He Did His Talking on the Field

Priest Holmes put it all to rest on Sunday afternoon with his two touchdown performance in the Chiefs 27-14 victory over the San Diego Chargers. But after the game, as reporters waited and waited for a statement, Holmes decided not to say a word. After the way some in the media has portrayed him the last several months, who can blame him for refusing to talk to the press.

The media was mad and local talk show hosts were miffed that Holmes refused to talk to the local media. They wonder why he would snub them but these are the same people who complained that Holmes only used them to get a new contract. It was almost nauseating to listen to so many in the press complain the last several months about the NFL's best player.

So why did Holmes do it?

Because his performance against the Chargers spoke volumes. Columnists, beat writers and journalists who cover the Chiefs; better get used to the fact that Holmes might not say much this entire season to anyone. He shut up his critics, sportswriters, talk show hosts, doubting fans and everyone else who thought he'd never make it back for the 2003 opener. The Chagers found out very quickly that Holmes was back and better than ever.

What people don't understand is that Holmes does not need anyone to get the things he wants in life or on the football field. He could care less about those who doubt him. There was not a day in the off-season that Priest doubted he would be ready on opening day. Holmes addressed his teammates in mini-camps and told them not to worry.

Holmes hit the local airwaves in Kansas City stating that he wanted a new contract and to promote his organization local charity Team Priest.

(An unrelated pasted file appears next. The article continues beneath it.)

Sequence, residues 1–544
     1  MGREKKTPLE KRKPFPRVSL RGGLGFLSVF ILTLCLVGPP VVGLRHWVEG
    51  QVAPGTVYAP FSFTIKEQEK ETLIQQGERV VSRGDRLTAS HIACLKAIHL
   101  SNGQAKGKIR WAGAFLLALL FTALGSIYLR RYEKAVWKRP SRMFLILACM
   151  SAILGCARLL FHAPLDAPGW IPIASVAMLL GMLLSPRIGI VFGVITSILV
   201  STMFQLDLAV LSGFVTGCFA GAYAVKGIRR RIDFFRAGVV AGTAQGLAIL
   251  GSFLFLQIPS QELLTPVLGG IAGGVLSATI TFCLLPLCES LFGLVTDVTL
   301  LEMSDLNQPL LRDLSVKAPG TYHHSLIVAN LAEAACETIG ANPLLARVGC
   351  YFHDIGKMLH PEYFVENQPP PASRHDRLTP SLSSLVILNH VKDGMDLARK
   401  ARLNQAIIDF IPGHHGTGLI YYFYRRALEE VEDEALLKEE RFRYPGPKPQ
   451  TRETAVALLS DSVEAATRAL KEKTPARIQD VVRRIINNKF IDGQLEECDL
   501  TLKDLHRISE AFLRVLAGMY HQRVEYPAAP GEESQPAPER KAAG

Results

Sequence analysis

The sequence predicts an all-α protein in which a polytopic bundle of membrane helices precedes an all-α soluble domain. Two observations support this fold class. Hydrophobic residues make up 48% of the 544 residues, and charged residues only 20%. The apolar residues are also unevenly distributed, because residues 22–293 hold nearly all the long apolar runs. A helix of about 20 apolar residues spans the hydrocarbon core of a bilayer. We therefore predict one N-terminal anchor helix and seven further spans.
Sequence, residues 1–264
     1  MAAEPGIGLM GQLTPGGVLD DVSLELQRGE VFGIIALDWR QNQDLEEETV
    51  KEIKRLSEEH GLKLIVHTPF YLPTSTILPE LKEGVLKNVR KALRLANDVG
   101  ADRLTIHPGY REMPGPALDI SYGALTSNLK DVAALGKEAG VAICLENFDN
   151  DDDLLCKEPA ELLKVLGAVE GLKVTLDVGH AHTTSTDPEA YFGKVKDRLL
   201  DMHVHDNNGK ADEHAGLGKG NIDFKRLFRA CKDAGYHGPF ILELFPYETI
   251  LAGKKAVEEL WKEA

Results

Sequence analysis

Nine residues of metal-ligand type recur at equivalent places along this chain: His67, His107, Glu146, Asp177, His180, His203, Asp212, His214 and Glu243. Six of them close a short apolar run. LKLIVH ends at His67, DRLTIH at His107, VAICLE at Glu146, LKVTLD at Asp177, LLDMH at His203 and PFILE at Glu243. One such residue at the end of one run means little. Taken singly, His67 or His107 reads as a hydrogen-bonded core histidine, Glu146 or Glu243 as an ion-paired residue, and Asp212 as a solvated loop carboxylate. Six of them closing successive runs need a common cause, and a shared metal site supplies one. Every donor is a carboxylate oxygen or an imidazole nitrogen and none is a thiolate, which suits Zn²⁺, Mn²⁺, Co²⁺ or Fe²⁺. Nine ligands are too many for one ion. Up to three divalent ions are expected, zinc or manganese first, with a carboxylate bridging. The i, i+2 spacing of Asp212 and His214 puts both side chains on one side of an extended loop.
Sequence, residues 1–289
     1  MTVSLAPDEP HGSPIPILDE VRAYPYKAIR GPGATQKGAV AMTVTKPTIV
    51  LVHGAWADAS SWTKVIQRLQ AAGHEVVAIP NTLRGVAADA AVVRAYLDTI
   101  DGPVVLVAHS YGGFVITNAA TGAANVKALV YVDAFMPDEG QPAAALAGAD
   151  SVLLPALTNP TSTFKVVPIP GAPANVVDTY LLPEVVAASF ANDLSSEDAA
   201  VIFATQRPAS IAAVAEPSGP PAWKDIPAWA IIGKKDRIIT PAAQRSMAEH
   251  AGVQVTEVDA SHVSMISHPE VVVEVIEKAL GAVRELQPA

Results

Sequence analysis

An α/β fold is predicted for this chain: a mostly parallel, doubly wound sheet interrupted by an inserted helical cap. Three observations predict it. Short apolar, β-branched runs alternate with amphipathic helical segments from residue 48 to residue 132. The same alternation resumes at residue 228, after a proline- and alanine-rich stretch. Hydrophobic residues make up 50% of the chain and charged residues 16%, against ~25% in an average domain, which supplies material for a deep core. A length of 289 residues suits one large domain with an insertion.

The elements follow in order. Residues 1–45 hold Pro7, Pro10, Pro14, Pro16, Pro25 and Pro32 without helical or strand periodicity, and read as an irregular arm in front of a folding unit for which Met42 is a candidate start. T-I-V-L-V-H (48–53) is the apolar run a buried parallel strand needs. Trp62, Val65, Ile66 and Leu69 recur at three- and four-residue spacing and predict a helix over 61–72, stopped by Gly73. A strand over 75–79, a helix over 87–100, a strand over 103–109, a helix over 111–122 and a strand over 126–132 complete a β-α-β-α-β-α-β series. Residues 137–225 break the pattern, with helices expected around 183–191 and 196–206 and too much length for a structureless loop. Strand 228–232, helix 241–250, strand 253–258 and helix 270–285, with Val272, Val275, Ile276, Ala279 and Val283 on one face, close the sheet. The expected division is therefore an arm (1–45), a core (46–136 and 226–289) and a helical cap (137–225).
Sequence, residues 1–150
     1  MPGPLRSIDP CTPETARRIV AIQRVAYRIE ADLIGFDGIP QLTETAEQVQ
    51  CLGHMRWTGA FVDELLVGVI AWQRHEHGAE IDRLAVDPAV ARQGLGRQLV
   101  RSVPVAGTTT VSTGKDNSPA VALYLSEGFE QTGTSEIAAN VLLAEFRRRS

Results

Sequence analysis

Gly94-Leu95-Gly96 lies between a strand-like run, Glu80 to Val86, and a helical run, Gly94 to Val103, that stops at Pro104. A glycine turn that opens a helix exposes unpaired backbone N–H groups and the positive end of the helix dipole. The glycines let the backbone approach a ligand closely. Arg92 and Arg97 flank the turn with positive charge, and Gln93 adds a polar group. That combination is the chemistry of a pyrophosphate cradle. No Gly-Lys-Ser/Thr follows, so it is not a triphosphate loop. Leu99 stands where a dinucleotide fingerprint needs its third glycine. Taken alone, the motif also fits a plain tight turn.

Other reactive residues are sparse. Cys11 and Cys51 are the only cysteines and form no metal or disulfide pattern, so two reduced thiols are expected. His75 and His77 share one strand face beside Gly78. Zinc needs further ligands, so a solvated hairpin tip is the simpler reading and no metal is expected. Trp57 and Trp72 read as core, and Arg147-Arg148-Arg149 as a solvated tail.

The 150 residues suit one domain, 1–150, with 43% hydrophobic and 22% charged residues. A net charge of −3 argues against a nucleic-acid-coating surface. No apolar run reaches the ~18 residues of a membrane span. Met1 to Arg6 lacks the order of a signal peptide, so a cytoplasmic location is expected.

Prior to making his first public statements, Holmes already knew and expected the Chiefs would give him a new contract. Still fans worried that Holmes might actually sit out the season without a new deal.

The press said that Priest was greedy. Others said that he was just using the media and he is just another selfist football player looking our for number one.

But Holmes was careful with his comments and most weren't listening. Do you think anyone associated within the Kansas City Chiefs front office and Dick Vermeil in particular, did not know that Holmes was going to talk about the contract and his injury prior on the radio. He would never disrespect or blindside the Chiefs or team owner Lamar Hunt.

Holmes and the Chiefs had already talked about parameters for a new deal months before he spoke about it publicly. He was just explaining it to the fans. But the press were nipping at him to say something that would give them another angle to chase on this non-story. To his credit, Holmes refused to get into a war with reporters.

For the Chiefs this was a non-issue. All they wanted was to see Holmes play in the exhibition season. They wanted to confer with their medical staff before extending his contract. Chiefs President Carl Peterson had an agreement in place and they simply needed to work out the numbers without sacrificing the salarty cap. You can say what you want about Peterson but his word is his bond and the players understrand and respect that to a man.